First result: Card was "sublimated" to backing paper, unsure of how the print came out at this moment Pressure was heavy.
Will try less time, but not looking hopeful.
Update: After cleaning it up a bit, it did sublimate, however isn't really usable due to the plastic melting to both sides of the paper.
Second result: Time reduced to 33 seconds, pressure set to medium/heavy. Lot less paper buildup, however the card still melted a bit and warped worse than the first attempt. This was an actual card with a magstripe, and the top and bottom layers actually separated a bit.
I've got one more test print left to go, however I would not sell these cards to a customer. These are the same cards that are used in hotels for door locks, and a lot of casinos and such use them as employee id tags, really really thin plastic.
Third result: Heat reduced to 370, 33 seconds, pressure same. The backing paper pulled right off, however the card was still really malleable, I tried to straighten it out and cool it off in my hand by blowing on it. It came out a little bit warped. The front paper came off easier, however I still had to drench it in water for a little while and scrape it off. Since I'm scraping the actual card and the print isn't relieving, I would say it is in fact sublimated. However, there's also a slight odor given off, which may be a potential health hazard.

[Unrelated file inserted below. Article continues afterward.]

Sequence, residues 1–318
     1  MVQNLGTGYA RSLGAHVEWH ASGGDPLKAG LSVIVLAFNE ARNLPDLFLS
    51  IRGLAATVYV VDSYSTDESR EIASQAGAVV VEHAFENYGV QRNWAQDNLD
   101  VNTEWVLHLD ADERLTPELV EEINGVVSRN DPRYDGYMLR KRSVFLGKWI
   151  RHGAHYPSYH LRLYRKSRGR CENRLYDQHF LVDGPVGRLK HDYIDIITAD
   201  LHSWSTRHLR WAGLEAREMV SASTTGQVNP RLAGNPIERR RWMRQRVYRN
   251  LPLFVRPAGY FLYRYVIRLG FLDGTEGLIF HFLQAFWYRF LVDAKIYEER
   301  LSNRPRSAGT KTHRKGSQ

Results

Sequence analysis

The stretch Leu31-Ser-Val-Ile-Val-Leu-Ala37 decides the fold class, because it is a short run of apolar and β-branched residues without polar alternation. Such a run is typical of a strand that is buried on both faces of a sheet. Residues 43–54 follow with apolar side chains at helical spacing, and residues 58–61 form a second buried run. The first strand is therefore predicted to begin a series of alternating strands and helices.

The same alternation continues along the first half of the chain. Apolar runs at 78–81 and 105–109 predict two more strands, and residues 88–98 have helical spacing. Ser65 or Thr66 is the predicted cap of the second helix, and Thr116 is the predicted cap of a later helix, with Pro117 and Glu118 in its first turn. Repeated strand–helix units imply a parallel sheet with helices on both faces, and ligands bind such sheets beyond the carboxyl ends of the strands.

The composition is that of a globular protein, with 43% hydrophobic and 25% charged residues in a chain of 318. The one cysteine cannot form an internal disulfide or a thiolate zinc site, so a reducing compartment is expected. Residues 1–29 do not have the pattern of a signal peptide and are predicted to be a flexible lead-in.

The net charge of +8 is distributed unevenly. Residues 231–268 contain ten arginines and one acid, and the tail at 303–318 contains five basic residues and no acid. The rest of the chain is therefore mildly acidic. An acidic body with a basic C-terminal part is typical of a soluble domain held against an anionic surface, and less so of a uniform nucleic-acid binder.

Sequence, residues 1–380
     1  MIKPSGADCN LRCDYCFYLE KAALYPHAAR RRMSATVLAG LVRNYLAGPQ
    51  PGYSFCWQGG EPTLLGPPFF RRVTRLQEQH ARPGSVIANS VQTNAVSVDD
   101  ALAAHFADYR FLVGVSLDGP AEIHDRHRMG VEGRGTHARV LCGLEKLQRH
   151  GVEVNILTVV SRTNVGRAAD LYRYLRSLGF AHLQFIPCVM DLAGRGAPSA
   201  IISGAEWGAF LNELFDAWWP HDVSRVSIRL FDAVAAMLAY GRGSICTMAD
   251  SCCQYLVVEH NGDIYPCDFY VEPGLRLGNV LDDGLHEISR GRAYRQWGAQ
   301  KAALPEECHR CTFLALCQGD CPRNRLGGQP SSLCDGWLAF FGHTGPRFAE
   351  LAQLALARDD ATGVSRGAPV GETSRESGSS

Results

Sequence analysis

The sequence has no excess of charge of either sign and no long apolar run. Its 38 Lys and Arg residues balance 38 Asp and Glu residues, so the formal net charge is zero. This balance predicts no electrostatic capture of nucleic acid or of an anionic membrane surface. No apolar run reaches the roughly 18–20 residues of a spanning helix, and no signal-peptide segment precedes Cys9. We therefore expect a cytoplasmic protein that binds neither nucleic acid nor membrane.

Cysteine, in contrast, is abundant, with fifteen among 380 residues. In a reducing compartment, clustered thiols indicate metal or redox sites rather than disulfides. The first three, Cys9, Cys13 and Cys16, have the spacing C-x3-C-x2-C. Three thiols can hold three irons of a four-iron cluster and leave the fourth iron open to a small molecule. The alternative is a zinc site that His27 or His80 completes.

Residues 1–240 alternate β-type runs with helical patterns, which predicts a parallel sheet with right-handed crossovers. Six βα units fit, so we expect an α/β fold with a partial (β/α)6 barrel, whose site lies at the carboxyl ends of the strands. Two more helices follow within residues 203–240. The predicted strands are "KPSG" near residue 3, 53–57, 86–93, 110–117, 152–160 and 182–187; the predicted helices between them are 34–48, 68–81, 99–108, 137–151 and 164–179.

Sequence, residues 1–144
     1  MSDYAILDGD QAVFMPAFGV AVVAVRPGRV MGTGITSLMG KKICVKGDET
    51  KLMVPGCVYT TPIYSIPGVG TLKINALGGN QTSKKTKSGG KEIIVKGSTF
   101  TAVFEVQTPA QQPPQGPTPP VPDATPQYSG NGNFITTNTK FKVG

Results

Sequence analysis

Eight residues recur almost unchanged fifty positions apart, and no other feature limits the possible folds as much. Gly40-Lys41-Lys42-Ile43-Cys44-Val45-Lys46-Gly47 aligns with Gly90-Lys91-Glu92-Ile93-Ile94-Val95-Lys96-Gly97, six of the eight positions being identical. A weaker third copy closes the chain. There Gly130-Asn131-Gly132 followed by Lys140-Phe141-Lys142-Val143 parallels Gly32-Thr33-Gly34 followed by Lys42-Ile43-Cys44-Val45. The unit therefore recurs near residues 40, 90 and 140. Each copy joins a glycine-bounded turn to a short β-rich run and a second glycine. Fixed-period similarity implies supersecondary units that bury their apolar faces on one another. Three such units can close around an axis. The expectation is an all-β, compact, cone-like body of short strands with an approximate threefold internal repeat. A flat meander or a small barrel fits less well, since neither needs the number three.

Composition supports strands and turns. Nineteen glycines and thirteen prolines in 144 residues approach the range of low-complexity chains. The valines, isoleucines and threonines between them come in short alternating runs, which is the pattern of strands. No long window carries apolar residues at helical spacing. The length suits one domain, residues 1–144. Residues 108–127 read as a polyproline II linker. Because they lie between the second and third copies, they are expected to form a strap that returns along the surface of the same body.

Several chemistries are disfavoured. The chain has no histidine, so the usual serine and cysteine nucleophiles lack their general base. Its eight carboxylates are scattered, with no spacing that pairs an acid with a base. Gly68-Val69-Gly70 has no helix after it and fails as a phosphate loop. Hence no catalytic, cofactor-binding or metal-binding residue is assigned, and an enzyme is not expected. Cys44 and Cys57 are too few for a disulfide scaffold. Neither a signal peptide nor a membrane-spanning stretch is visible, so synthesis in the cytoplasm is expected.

Here's some photos of the results, but I'd say stick to a product designed for sublimation (030 poly coated aluminum or fiberglass reinforced plastics/FRP), plastic this thin wasn't meant for the heat and duration.
Photo 1: First attempt with minor cleanup, photo's a little bit out of focus, but it's also distorted from the layer of paper on top.
Photo 2: First attempt with a better cleanup
Photo 3: Third attempt with cleanup about equivalent to photo 2.